Police swoop on county lines gang to rescue Croydon teen

A nationwide police investigation focused on county lines drug gangs that prey on vulnerable youngsters rescued a 16-year-old who had gone missing from Croydon, and this week saw prison sentences totalling 14 years handed down to four men.

County lines kit: some of the weapons found at the Dundee address where the teenager from Croydon was rescued

The investigation was carried out by officers from Op Orochi, the Met’s specialist team dedicated to tackling high-harm offenders involved in county lines drugs supply.

The teenager was found in Dundee last November; they did not face prosecution but according to the Met “have been referred to children’s services from respective local authorities and the national referral mechanism”.

Officers located the teenager in Dundee two days after he was reported missing, when a joint operation with Police Scotland led to a swoop on a couple of addresses.

Detective Constable Jamie Helps said: “Op Orochi has no borders and we will work relentlessly with our colleagues across the UK to bring you to justice.

Five years: Malik Paul

“Drugs devastate communities and destroy lives, but these men did not care about this as long as they made money. The public may believe that county lines does not have a wider impact on communities, but the consequences of this type of criminality should not be underestimated.”

The investigation began on November 14, 2022, after local officers raised their concerns about the missing child to the Operation Orochi team.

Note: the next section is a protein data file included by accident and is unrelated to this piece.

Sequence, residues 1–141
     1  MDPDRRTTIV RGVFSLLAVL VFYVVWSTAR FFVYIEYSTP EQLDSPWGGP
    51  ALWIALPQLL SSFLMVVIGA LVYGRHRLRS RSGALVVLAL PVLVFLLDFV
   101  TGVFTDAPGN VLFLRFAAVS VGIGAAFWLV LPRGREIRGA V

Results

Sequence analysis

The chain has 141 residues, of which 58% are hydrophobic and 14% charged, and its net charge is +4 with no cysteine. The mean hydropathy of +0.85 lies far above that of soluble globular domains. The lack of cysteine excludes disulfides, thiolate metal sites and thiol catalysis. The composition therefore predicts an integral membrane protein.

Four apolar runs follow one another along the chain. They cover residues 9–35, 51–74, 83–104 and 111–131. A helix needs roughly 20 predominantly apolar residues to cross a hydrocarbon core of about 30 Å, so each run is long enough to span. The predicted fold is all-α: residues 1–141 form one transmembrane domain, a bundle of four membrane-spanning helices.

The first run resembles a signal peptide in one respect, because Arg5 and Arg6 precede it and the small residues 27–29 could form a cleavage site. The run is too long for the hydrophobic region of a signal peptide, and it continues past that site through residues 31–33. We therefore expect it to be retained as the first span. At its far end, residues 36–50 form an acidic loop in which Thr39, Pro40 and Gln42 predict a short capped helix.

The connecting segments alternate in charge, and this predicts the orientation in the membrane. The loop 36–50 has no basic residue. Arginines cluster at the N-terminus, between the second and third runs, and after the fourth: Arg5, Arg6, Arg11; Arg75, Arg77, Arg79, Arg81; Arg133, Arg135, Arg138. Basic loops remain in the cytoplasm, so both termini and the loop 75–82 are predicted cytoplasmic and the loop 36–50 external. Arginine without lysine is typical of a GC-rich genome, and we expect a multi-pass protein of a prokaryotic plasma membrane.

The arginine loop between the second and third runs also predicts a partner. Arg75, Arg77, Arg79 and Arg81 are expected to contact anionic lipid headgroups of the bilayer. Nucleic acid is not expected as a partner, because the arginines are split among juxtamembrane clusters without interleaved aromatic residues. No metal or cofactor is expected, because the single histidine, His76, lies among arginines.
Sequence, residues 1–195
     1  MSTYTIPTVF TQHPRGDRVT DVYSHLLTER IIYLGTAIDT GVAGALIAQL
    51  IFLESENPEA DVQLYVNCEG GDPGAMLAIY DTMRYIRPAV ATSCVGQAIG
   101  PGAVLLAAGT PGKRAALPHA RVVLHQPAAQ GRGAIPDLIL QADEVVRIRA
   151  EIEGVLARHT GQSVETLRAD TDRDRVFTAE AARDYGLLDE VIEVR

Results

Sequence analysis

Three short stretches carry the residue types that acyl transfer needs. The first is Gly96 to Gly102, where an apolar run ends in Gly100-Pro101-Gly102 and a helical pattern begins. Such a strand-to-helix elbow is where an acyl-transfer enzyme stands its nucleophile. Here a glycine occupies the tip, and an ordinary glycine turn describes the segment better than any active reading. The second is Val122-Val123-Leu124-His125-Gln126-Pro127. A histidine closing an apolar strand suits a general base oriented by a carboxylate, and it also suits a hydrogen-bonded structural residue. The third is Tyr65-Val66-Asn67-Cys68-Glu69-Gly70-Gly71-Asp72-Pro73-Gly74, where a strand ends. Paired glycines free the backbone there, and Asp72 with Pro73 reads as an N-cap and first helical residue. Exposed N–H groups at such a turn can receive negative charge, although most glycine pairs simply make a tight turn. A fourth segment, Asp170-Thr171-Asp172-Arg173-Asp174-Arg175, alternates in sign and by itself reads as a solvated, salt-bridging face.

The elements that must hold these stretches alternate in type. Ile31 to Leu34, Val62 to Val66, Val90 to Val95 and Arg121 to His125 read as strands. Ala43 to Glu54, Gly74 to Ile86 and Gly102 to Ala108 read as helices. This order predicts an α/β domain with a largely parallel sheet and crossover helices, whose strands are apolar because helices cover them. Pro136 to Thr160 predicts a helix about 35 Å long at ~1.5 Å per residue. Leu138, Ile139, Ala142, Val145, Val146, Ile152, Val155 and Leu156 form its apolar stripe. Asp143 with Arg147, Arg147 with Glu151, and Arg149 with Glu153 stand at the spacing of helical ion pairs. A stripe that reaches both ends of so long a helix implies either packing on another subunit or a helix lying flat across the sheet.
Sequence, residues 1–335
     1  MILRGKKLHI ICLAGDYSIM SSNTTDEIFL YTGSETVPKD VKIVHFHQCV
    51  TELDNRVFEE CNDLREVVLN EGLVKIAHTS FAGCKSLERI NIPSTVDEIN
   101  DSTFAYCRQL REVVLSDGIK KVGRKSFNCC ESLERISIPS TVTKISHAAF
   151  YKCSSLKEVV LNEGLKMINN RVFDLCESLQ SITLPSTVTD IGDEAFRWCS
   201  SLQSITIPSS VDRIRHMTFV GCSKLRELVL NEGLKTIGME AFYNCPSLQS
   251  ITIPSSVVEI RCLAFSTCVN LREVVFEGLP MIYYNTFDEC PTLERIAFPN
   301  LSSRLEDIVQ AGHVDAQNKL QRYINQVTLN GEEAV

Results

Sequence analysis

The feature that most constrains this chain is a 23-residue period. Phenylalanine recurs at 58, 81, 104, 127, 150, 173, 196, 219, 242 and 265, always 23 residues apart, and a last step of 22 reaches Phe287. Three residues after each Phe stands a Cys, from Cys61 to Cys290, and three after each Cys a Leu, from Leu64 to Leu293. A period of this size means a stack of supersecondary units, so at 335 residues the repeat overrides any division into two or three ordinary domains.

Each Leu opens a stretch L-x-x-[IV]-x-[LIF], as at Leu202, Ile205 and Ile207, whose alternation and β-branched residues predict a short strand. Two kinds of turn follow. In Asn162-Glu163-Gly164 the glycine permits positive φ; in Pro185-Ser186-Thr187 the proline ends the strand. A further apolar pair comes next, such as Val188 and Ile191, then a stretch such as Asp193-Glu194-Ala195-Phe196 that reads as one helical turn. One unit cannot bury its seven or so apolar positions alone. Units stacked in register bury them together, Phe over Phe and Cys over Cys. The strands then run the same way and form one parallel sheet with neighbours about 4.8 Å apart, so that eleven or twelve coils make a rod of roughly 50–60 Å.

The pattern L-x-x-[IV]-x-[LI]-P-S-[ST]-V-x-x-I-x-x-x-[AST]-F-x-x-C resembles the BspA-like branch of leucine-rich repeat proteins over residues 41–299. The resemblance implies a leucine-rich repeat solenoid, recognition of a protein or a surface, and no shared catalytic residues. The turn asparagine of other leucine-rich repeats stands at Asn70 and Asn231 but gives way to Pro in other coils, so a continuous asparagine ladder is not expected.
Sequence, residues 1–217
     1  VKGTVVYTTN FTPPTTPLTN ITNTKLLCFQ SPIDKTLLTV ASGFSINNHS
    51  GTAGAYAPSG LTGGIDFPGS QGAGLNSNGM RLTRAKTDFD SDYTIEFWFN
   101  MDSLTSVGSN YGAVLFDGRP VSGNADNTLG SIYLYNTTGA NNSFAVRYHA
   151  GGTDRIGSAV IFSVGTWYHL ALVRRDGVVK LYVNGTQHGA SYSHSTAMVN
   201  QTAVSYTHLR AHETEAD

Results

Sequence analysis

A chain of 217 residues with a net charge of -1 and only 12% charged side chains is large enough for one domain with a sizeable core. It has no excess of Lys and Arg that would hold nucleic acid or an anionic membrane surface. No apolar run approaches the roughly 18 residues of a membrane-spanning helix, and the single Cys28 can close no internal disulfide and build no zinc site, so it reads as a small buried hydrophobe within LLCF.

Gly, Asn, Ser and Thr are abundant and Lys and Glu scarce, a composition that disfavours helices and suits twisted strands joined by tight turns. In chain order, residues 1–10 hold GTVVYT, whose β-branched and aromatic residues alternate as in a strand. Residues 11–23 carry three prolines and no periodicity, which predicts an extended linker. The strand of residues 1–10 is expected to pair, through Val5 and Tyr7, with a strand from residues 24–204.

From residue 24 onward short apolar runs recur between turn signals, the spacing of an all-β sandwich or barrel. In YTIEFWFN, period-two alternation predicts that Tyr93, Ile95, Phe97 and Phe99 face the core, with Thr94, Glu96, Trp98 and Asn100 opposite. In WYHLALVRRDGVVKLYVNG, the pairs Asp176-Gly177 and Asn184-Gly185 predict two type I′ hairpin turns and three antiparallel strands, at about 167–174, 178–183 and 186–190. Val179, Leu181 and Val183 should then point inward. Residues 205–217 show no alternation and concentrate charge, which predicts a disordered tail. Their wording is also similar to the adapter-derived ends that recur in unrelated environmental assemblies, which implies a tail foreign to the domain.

Enquiries uncovered that the child had travelled from Croydon to Dundee on November 7. It was then discovered that the four county lines suspects – Malik Paul, Michael Nwadire, Dylan Newman and Ellis Davey – had also travelled to Dundee around the same time.

Three years: Michael Nwadire

Officers from Op Orochi deployed to Dundee, working with Police Scotland’s Serious and Organised Crime Team.

According to the Met, “On 16 November 2022, Davey was arrested on Strathmartine Road, Dundee. He was found in possession of 100 wraps of crack cocaine and heroin.

“Whilst being arrested, Davey began shouting to alert Newman who was in a nearby address. The secondary address on Strathmartine Road was identified and Newman was arrested in possession of an active Class A drugs line.”

Three years: Dylan Newman

It was here that the missing 16-year-old was found, the gang having “cuckooed” their address. “Police also seized knives and class A drugs from the address.

“These arrests and further telecommunication data lead officers to an address on Monifieth Road, Dundee. Both Paul and Nwadire were located and arrested. Paul attempted to evade police by climbing out of the window.

“Further weapons and money were recovered from the address. The phones found during the course of the investigation showed that Paul was the head of the group. He directed the other men and had conducted extensive research on Dundee before travelling there.”

Detective Inspector Scott Carswell of Police Scotland’s Serious and Organised Crime Team, said: “Human trafficking is a despicable crime.

Three years: Ellis Davey

“These types of crimes have a long-term impact on the victims and we are committed to working to identify those responsible and help protect the victims.”

At Woolwich Crown Court this week:

  • Malik Paul, 26, of Dynevor Road, Hackney, was sentenced to five years and four months imprisonment.
  • Michael Nwadire, 28, of Balmore Crescent, Barnet, was sentenced to three years.
  • Dylan Newman, 21, of no fixed address, was sentenced to three years.
  • Ellis Davey, 22, of Springfield Avenue, Merton was sentenced to three years.

Paul and Nwadire had pleaded guilty to conspiracy to supply crack cocaine and heroin. Davey and Newman also pleaded guilty.

Operation Orochi say that they have rescued 33 children from county lines gangs since April last year, charging 31 individuals with modern slavery offences.

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1 Response to Police swoop on county lines gang to rescue Croydon teen

  1. chris myers says:

    Great work. Thank god for the boys in blue

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